> Disk access (reads and writes) still happen in chunks, even with SSDs. It's much more efficient to write entire chunks of data out than to write a few hundred bytes over a dozen different chunks.

To add, also memory access happens in chunks. Currently chunk (cache line) size is 64 bytes on almost all x86 and ARM CPUs. It's the smallest quantity of data you can read from or write to RAM.

CPUs can also efficiently prefetch when they detect sequential access patterns, so accessing large contiguous blocks of memory is preferable to achieve high performance.

Sorry I didn't get back to this.

It's a virtual linear log file which gets split occasionally by appending a sorted list of pointers to the end and "closing" that log file, along with occasional tasks repacking the log files together.

Individual records (either key/value or key/tombstone) have a pointer showing how far back they cast a "shadow" so you know how long you need to keep tombstones for.

Since only the active log file can ever have changes made, you can repack any two adjacent files together into a single compacted log file at any time, removing any duplicates or tombstones that don't cast a shadow outside the range being compacted.

Skip lists are a hidden gem! I first learned about them from a GitHub developer at OSCon a few years ago, and at time they seemed like black magic.

It's a shame that universities (or at least mine) don't teach more interesting algorithms like this... it would make the algorithms/data structures coursework so much more interesting.

It was part of my normal university computer science data structures course. Was actually one of the structures we had to implement. Also, for all the "hard to get right" comments I remember them being much easier to write than RB Trees or B Trees.

Georgia Tech definitely teaches it in the intro data structures and algorithms course. I don't remember if we had to implement it, but it definitely came up in lecture.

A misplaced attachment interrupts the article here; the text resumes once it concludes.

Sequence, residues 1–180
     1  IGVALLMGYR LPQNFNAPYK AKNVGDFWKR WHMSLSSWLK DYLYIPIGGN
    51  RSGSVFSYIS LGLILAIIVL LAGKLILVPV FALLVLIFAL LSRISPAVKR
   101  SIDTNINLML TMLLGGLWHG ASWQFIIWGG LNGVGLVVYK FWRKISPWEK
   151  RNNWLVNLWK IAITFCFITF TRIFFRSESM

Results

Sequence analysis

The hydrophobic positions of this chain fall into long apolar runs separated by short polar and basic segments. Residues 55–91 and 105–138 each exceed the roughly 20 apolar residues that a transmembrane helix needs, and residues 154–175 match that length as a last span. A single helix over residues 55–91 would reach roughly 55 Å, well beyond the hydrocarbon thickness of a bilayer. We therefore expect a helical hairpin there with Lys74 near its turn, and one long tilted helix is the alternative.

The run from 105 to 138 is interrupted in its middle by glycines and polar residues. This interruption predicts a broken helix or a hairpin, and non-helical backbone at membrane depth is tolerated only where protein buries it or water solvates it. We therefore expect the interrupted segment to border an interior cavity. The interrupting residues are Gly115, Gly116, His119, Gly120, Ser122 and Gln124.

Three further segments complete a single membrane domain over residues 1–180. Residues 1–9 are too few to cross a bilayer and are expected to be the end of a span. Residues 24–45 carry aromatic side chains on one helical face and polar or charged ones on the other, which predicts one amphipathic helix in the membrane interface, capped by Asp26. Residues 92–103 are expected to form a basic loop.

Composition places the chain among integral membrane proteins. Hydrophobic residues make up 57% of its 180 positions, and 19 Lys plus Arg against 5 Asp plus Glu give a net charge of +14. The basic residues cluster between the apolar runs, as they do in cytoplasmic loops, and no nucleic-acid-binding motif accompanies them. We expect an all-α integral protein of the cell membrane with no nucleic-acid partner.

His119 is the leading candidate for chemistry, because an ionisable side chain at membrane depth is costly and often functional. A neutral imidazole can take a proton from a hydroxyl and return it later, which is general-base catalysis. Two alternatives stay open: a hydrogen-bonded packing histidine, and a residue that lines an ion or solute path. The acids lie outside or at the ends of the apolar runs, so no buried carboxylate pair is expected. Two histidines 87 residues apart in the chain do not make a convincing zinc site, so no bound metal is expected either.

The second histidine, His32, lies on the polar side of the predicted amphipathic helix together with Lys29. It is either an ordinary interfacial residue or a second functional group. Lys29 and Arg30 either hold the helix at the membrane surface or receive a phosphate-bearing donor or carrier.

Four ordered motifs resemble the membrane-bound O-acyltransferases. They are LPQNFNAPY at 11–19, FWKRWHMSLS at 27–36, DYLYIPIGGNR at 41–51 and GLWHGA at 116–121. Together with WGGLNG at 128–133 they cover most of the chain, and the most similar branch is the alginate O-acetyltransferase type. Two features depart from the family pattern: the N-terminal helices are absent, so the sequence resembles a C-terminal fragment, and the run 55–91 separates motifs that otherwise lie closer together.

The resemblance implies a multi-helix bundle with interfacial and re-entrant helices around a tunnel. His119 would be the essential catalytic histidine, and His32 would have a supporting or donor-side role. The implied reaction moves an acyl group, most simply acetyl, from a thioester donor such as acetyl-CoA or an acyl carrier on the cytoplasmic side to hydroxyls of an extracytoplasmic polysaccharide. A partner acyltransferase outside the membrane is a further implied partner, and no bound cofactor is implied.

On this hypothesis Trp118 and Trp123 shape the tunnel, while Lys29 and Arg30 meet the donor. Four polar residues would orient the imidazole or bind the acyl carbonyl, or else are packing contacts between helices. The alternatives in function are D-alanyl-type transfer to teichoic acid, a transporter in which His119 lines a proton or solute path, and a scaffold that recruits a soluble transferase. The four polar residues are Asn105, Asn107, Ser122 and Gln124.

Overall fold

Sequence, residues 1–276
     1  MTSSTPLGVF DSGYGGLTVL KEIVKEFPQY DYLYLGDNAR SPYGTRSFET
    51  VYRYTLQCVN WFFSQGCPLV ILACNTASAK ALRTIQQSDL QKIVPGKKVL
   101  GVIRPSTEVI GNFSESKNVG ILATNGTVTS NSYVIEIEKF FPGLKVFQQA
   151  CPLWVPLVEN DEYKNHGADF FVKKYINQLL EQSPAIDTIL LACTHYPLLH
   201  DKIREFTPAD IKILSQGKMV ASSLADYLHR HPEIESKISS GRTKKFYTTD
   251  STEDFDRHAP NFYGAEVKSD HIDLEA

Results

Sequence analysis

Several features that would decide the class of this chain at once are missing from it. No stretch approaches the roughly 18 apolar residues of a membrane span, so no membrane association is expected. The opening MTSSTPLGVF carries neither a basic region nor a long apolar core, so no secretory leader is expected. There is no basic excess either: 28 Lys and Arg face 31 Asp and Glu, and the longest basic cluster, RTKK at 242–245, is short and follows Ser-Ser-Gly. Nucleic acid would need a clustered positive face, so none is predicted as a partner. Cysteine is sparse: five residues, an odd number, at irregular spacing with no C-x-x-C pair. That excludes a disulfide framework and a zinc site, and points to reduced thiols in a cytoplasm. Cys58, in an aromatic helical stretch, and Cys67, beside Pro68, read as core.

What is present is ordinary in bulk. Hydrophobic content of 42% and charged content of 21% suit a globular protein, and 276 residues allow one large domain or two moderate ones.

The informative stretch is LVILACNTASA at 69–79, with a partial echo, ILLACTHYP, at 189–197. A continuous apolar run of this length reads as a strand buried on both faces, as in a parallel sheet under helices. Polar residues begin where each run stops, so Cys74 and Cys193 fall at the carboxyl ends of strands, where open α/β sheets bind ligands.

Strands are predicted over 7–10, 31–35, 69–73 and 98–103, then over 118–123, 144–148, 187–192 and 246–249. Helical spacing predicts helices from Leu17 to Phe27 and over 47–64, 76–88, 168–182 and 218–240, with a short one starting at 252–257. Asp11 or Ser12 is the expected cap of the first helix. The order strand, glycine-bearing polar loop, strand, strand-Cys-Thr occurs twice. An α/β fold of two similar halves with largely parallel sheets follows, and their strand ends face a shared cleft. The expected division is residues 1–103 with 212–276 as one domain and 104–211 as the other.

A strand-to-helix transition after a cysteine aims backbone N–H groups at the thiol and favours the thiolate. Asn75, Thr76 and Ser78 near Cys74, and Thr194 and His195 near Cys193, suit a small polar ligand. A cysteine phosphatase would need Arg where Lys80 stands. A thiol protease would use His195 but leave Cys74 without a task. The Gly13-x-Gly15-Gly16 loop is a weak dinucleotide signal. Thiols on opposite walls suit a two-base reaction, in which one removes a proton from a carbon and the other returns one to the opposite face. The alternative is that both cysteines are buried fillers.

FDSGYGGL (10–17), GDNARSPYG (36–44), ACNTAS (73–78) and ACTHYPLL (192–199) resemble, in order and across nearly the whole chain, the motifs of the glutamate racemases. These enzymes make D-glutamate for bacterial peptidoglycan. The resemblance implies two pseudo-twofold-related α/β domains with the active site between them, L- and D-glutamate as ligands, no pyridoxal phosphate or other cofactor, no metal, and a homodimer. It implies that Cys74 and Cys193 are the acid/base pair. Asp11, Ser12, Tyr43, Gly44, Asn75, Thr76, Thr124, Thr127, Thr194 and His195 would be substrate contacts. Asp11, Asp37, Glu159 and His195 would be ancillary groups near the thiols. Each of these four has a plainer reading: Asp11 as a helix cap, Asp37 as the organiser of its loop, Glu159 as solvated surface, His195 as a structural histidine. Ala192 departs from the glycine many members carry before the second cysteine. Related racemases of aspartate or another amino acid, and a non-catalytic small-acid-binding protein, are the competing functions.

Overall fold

We had to implement them when I took it with Dr. Waters at least (Summer 2015). CS 1332 is a pretty good intro course.

WUSTL does teach Skip List. We spent a good two weeks learning about it. Intro, analysis, lab, test about Skip List. It's very cool and hard to get right.

Yeah, I was just thinking about that 241 lecture. I do feel like we did the naive version though

Berkeley did cover skip lists, along with a lot of other algorithms, both practical and esoteric.

UT Austin's multicore computing course had an optional project to benchmark concurrent skip lists or implement faster skip list algorithms. My group aimed to improve element access times by boosting the height of frequently accessed elements.

My University (UMD) does, but that might only be because Bill Pugh teaches/taught here.

I'm pretty sure my program at KU covered skip lists in our data structures class.

Illinois covers them.

While I really do like this article and the really interesting techniques it showed me, I'm bothered by the fact that they constantly mention performance but there's not a single benchmark on that page. It's not that I don't believe that these are huge theoretical gains, it's just that I'd like to see how these perform in practice compared to other approaches.

Skip lists are probably the easiest way of getting O(log(n)) lookups on ordered lists.

Recently I got rid of huge bottleneck on an oldish piece of software by moving from a vanilla linked list to a skip list. And I did do many things suggested in the article (e.g. having a vector of fixed length for the pointers, and thus a fixed tallness).

Funnily enough, for my case, I managed to do without a RNG just fine. I just have an element that is of tallness 'k' every 2^(k*3) insertions (e.g. every 8th insertion is 1 level tall; every 64th insertion is 2 levels tall; and so on). For my particular pattern of insertions, this proved to be more than enough, and and simplified things a little bit.

> Skip lists are probably the easiest way of getting O(log(n)) lookups on ordered lists.

I wouldn't say that. The algorithms for AVL/red-black/splay trees are not especially complex, and they contain much less subtlety than skip lists. If you just look them up on wikipedia and see the list of operations, it's not particularly hard to implement them. Skip lists, on the other hand, are very easy to get wrong (this is the premise of the linked article, after all).

Using a skip list is frequently the better choice for performance and memory reasons (especially if you're iterating through the list), but they are not necessarily simpler data structures.

I did a brief survey before deciding to go with skip lists, and found them to be easier to grasp and reason about. (e.g. there is no need to balance trees; a skip list is very similar to a linked list, and linked lists are very simple).

I remember somebody saying that "in a sane world skip lists would always have been discovered before red-black trees".

This historical accident (skip lists were only discovered 1989; while rb-trees date back to the 1970s) is probably the reason why skip list use is not more widespread, and seen as somewhat exotic at times.

(AVL and Splay-trees also predate skip lists.)

Skip lists are just B+ trees in disguise.

Look at the basic diagram here.


See how there is an "express lane" containing just (3 5), and the lower layer contains the entire (1 2 3 4 5 6 7) list?

The main difference is that it's a combination of arrays and links rather than parallel lists.